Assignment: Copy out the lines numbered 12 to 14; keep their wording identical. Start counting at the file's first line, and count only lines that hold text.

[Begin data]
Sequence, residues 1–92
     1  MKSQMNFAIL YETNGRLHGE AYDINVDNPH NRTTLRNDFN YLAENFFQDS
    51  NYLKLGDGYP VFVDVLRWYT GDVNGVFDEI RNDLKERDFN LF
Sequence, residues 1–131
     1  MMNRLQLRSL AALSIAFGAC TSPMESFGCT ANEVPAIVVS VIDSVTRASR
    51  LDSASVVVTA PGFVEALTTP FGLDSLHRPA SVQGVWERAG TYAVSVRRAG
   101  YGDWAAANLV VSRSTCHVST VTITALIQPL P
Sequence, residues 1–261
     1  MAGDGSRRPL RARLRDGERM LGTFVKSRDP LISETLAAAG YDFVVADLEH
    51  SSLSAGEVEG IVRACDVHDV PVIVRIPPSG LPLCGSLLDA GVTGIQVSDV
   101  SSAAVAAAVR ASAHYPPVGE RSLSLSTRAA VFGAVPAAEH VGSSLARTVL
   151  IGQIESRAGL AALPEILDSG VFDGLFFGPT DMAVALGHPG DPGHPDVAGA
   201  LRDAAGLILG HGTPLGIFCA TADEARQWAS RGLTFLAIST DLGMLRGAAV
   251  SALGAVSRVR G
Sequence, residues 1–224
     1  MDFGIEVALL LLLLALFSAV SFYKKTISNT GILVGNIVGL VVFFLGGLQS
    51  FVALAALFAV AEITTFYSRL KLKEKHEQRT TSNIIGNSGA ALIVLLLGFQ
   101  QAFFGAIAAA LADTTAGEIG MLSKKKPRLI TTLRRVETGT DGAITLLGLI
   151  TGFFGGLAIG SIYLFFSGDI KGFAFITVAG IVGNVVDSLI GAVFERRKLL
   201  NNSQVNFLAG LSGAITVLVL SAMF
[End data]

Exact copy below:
   151  IGQIESRAGL AALPEILDSG VFDGLFFGPT DMAVALGHPG DPGHPDVAGA
   201  LRDAAGLILG HGTPLGIFCA TADEARQWAS RGLTFLAIST DLGMLRGAAV
   251  SALGAVSRVR G